In the Gallery

The Story of No Woman, No Cry Audio Description

Listen to and watch an in-depth audio description of Chris Ofili's No Woman, No Cry

Press play and discover the story behind No Woman, No Cry. Hear a detailed description of the artwork, descriptions of the colours and forms in the artwork, and how the artist made the work.

Transcript of Audio Description

No Woman, No Cry is a very large, densely layered painting that depicts a crying woman set among various abstract patterns. The canvas is 2.4m high by 1.8m wide. The woman, who has dark hair and black skin, is shown in profile. The portrait is formed from a thin brown painted outline that is filled with many small dark brown circles. She wears blue eye shadow, red lipstick, a string of coloured beads that sits just below her hairline and a thin black necklace.

Forming the pendant of her necklace is a lump of elephant dung studded with map pins and a black heart shape. The woman’s chest bears an area of vibrant red and orange paint, with flame-like yellow forks across its top edge. A series of pale blue tears descends from each of her eyes, all of which feature a very small collaged photograph of a boy’s face.

The background is painted with a mixture of pale green and bright yellow. There is a criss-cross pattern under the portrait, which is made up small circles. The dotted lines are punctuated by black heart shapes that appear at the centre of each of the criss-cross diamonds.

Running in four horizontal lines across the canvas, the words ‘RIP Stephen Lawrence 1974–1993’ appear very faintly underneath its top layer, with the dates at the bottom completely obscured by the shoulders of the woman.

When exhibited, the painting rests on two large lumps of elephant dung which are sealed in transparent resin and studded with coloured map pins that are placed on the floor. The painting’s upper edge leans against the gallery wall.

This painting was made by the British artist Chris Ofili in 1998 when he was living and working in London. The title of this work is the name of a 1974 song by the Jamaican reggae musician Bob Marley that asks a female listener not to be sad.

The faint inscription behind the portrait indicates that the crying woman is Doreen Lawrence (now Baroness Lawrence of Clarendon OBE), the mother of Stephen Lawrence. Stephen Lawrence was murdered as a teenage boy in an unprovoked racist attack in London in 1993, and the photographs inside the tears in this work are all images of Stephen.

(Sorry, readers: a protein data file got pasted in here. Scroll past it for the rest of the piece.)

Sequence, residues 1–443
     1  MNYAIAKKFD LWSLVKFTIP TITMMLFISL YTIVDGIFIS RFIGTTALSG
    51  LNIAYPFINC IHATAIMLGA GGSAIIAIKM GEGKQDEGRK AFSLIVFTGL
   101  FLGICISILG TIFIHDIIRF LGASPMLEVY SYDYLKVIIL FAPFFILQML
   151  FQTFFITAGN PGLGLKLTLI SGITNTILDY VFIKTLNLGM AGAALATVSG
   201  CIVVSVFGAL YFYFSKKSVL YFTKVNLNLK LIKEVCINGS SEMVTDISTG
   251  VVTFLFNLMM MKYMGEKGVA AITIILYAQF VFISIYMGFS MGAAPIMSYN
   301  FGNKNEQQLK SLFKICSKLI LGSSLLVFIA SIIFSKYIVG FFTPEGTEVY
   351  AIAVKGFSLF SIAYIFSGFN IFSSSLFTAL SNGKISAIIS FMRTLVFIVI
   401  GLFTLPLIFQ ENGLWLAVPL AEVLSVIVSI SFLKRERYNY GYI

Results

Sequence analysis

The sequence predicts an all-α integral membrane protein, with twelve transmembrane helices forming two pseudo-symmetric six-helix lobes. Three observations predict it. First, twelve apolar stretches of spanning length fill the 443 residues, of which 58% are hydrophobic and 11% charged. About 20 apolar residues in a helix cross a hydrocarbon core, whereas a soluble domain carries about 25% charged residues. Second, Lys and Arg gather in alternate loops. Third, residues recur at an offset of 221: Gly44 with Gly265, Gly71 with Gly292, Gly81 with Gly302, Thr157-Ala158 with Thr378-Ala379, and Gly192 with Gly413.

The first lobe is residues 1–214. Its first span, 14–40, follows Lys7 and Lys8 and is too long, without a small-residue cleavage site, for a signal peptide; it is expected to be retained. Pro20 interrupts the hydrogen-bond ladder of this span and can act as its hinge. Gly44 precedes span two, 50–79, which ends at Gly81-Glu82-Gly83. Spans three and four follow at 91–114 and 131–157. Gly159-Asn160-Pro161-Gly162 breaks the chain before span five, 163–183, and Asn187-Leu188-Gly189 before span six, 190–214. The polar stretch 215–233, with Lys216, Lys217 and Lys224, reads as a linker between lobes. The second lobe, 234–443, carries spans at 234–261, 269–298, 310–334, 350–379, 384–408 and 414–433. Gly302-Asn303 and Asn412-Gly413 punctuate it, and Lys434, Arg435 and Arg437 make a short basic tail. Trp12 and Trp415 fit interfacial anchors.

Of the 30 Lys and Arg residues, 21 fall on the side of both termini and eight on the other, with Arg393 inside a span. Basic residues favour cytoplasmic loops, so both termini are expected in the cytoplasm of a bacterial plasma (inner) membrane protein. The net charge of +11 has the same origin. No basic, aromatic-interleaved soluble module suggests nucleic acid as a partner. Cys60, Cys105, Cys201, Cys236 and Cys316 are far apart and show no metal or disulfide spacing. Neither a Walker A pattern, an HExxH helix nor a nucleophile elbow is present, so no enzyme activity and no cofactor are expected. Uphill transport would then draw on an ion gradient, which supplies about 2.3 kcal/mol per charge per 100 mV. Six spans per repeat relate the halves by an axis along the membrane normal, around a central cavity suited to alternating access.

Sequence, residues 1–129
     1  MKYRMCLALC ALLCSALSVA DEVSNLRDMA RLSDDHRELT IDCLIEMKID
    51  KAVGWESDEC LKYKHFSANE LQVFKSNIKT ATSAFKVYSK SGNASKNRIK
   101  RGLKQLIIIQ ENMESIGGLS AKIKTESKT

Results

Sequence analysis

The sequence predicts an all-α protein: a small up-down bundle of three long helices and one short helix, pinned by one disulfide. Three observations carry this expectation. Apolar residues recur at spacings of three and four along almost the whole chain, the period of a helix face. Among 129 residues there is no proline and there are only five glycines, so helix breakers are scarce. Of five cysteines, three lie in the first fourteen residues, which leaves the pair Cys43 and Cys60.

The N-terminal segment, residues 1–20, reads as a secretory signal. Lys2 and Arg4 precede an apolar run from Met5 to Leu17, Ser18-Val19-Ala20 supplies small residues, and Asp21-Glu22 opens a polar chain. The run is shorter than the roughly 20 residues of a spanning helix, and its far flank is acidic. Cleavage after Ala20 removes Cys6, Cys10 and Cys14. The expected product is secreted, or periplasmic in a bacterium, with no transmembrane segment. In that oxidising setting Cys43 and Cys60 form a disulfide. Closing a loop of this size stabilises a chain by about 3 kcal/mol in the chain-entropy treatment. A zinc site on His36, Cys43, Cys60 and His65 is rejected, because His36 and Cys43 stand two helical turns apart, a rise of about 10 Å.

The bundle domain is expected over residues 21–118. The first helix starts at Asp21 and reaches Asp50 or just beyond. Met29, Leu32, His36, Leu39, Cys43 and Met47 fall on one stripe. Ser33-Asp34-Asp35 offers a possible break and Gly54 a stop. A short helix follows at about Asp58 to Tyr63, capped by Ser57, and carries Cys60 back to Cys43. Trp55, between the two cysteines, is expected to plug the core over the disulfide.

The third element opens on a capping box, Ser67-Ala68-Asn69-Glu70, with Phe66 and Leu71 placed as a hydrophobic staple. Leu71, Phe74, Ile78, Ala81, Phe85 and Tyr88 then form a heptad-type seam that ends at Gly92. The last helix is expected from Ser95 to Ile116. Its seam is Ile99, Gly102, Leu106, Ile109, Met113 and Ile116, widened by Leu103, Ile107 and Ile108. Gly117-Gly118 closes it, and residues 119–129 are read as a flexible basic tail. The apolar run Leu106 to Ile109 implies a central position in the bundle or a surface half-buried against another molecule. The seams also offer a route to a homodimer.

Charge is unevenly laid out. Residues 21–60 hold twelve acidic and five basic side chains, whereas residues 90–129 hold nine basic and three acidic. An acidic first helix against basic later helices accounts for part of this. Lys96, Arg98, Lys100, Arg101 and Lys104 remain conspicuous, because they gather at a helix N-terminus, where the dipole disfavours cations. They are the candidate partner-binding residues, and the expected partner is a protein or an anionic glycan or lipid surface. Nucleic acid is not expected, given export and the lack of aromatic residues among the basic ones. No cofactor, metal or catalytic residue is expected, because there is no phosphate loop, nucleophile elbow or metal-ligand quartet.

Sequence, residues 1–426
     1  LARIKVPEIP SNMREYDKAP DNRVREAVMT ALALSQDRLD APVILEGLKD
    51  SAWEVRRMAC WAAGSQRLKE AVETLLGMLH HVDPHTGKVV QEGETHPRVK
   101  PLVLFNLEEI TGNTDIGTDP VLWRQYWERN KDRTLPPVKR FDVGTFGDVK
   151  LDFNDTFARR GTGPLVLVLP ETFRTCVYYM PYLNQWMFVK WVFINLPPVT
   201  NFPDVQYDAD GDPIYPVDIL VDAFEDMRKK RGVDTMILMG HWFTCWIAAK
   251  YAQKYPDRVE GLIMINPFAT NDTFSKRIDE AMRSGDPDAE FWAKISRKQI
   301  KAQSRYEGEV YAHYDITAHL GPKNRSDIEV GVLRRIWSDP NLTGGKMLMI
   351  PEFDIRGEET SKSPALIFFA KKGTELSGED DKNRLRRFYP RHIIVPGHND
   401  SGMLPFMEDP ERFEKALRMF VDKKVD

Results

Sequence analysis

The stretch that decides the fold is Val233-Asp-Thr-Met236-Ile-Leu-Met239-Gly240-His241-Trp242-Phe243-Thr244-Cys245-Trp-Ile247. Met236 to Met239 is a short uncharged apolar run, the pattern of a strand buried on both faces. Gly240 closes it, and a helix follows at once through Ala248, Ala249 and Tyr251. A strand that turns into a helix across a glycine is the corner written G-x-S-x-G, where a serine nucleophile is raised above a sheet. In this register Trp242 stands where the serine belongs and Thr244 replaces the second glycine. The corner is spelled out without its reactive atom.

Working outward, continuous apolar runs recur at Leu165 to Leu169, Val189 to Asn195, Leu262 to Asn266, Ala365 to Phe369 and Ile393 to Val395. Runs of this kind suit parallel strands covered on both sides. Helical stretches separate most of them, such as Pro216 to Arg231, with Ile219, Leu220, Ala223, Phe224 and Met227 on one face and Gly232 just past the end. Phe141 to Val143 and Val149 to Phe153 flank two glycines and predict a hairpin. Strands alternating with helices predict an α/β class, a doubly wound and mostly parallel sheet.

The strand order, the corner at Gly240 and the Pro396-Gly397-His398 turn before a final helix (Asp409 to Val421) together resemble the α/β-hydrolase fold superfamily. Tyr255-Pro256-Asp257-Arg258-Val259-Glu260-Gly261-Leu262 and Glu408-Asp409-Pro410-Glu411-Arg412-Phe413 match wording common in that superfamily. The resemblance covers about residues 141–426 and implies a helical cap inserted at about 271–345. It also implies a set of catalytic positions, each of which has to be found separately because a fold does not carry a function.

The work is painted on a coarse linen canvas that was bought pre-primed. Ofili added several further layers of acrylic primer and then covered the entire canvas with light green acrylic paint. He then drew thin lines over it in pencil, before adding the collaged circles that make up the diamond pattern. The circles are small cut-out reproductions of a work by the British abstract artist Bridget Riley.

Ofili then applied the heart shapes in black oil paint and the black dots using rub-on transfers. Following this, he used more paint to write the text across the painting, before fixing the dung pendant onto the canvas with a glue gun.

A polyester resin mixed with glitter, orange and black pigments was then poured onto the work while it was positioned horizontally. The canvas was tipped up before drying, producing runs of resin that are visible around its edges.

Finally, thinned oil paint was applied to depict the woman and unthinned oils were used for the beads and the colours on her chest. Despite the many layers, the overall thickness is still sufficiently thin for the canvas texture to remain apparent through it.

After five years of campaigning by Lawrence’s parents, the then Home secretary, Jack Straw, announced a judicial inquiry into the police investigations into their son’s death. When it was published two years later the 1999 Macpherson Report found police conduct had been marred by professional incompetence and institutional racism. The report made seventy recommendations, which led to an overhaul of Britain’s race relations legislation.

Curator Judith Nesbitt has written that ‘Ofili was deeply moved by the way in which Doreen Lawrence’s overwhelming silent grief at her son’s tragic death had been transformed with each successive interview as she became even stronger in spirit and emboldened to speak with great dignity’.

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